Orthodox Jews are more likely to be troubled by antisemitism in the UK than non-Orthodox Jews, according to a new report published today by the Institute for Jewish Policy Research.
Two in five strictly Orthodox Jews said they had experienced antisemitic harassment or discrimination within the 12 months up to the time of the survey, compared with 17 per cent of non-Orthodox Jews.
Sixty-two per cent of Orthodox Jews thought antisemitism a problem in the UK, compared with 45 per cent of the non-Orthodox.
The report, “The Exceptional Case?", is based on a larger poll conducted by JPR for the European Union’s Agency for Fundamental Rights, whose findings were released last winter.
“Compared with other Jewish populations in Europe, Jews in the UK generally experience less antisemitism and are less worried about it,” JPR stated. Nearly half of British Jews surveyed overall thought antisemitism a problem.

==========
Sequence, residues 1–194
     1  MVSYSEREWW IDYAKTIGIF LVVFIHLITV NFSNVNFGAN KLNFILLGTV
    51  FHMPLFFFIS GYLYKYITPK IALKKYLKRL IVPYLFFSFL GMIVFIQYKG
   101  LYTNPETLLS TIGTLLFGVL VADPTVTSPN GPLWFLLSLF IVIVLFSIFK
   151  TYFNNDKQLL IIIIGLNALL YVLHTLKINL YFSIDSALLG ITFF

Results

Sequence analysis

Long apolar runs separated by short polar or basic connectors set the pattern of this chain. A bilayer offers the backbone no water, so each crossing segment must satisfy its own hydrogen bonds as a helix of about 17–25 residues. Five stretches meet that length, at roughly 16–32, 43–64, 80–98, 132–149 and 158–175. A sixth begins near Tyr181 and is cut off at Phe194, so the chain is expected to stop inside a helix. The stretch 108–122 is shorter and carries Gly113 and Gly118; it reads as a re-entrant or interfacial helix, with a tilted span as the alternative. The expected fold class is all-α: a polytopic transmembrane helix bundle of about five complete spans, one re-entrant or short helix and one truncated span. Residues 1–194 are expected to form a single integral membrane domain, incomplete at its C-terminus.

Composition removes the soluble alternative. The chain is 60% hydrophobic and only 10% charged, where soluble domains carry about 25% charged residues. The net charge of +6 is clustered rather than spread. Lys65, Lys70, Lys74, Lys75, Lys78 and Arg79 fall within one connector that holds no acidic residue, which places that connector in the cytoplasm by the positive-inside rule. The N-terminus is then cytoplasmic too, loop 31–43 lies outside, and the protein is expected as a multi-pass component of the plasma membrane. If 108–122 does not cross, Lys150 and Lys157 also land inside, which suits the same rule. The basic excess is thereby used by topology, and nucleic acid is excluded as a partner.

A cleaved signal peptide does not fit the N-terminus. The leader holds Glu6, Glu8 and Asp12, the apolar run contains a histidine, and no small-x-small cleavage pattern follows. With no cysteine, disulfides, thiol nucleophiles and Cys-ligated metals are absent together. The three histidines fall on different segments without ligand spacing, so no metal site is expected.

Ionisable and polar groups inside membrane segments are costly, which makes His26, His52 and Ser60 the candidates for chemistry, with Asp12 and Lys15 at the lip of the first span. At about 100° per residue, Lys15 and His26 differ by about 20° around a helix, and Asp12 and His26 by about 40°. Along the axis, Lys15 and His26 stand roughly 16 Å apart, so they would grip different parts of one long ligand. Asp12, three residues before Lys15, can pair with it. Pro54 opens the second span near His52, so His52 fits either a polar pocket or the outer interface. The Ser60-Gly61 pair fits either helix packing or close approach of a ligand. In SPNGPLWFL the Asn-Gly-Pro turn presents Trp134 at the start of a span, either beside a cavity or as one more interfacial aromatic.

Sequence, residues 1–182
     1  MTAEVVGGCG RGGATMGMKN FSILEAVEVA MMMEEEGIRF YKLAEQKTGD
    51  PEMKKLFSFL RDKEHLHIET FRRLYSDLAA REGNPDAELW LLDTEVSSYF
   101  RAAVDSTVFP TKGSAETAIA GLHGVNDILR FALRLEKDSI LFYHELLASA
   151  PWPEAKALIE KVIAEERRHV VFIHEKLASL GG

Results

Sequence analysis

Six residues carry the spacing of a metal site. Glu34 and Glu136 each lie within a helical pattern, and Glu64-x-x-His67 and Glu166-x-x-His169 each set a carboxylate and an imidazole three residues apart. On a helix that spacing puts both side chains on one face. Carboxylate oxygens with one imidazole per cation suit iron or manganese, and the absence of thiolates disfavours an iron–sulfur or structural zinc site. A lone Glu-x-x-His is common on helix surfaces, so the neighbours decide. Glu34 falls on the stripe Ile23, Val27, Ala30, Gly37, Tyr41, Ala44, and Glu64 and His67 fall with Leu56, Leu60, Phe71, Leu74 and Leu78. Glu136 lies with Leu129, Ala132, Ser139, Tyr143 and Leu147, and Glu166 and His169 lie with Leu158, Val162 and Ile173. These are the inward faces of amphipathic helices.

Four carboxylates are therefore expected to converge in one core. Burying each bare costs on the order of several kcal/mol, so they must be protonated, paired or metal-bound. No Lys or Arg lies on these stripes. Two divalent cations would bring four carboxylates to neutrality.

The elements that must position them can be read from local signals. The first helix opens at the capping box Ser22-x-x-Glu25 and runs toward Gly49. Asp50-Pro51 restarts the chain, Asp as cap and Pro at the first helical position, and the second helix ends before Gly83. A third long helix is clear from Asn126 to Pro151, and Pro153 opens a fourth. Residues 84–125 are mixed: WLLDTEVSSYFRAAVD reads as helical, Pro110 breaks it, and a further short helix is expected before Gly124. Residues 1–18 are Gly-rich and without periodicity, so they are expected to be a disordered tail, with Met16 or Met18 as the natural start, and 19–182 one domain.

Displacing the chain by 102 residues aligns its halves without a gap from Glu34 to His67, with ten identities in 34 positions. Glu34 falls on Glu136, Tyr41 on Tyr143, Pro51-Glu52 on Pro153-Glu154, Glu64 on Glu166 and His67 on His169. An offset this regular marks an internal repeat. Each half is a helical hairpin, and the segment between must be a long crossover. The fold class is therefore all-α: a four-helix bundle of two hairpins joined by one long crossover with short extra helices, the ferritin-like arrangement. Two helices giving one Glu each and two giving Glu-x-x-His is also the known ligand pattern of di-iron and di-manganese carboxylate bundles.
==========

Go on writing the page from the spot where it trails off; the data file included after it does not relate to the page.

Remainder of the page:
Older British Jews are more likely to believe that antisemitism increased here over the previous five years than younger Jews, but younger Jews are more likely to have experienced an antisemitic incident, perhaps because of a higher proportion of Charedi Jews among the younger generation.
Nearly half, 47 per cent, believe comparing Israelis to Nazis is “definitely antisemitic”, while 34 per cent feel the same about advocating boycotts of Israel.
*The report, "The Exceptional Case? Perceptions and experiences of antisemitism among Jews in the United Kingdom", written by Laura D Staetsky and Jonathan Boyd, can be downloaded here.